Delivered in a Manger
Luke 2:1-7 Now it came to pass in those days, there went out a decree from Caesar Augustus, that all the world should be enrolled. This was the first enrolment made when Quirinius was governor of Syria. And all went to enrol themselves, every one to his own city. And Joseph also went up from Galilee, out of the oity of Nazareth, into Judaea, to the city of David, which is called Bethlehem, because he was of the house and family of David; to enrol himself with Mary, who was betrothed to him, being great with child. And it came to pass, while they were there, the days were fulfilled that she should be delivered. And she brought forth her firstborn son; and she wrapped him in swaddling clothes, and laid him in a manger. because there was no room for them in the inn.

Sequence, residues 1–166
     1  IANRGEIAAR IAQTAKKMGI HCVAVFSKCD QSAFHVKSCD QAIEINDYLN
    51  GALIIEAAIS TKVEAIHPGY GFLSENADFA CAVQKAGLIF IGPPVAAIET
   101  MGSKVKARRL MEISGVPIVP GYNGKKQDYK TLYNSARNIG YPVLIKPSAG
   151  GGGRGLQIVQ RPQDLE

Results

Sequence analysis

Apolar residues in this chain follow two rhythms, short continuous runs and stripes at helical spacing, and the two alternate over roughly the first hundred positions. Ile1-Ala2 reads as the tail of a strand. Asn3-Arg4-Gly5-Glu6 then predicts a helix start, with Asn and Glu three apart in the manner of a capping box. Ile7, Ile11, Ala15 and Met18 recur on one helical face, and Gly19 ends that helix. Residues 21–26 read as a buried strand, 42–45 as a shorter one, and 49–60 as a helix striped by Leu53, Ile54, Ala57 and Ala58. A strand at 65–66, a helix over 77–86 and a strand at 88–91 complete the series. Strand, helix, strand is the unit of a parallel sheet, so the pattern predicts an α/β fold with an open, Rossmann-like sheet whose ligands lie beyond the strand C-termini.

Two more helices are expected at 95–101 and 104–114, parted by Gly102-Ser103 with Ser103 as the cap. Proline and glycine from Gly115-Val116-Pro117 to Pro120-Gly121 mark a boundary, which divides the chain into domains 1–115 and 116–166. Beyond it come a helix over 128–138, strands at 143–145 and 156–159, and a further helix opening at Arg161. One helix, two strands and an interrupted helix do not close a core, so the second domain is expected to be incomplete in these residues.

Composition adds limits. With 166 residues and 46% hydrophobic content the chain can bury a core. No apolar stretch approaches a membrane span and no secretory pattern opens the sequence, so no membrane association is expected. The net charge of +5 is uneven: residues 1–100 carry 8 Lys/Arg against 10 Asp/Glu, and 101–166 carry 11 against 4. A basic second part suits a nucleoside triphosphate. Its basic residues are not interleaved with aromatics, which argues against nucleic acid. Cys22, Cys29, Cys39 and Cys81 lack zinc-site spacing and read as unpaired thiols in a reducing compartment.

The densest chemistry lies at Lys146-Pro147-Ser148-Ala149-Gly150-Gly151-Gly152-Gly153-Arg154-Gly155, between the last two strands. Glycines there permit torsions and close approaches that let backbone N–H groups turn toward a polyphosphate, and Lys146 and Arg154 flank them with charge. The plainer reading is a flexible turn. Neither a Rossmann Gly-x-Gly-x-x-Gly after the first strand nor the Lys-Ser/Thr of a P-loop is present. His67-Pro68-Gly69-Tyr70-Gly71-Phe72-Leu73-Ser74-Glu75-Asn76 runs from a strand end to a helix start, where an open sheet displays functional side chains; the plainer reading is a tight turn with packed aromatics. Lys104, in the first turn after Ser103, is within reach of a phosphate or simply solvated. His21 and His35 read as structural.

Joseph and Mary represent wisdom and love, which have been ideas in mind, but are now to bring forth a manifestation in substance. Going up to Jerusalem to be enrolled, as was the custom in that day, illustrates the conformity to manmade law. “Render unto Caesar the things that are Caesar’s.” Swaddling clothes were bands of cloth in which it was customary to wrap young children. These swaddling clothes represent the confinement to the limitations of the physical nature (“manger”) of this first emanation of Divine Life, “there being no room for them in the inn” (outer consciousness).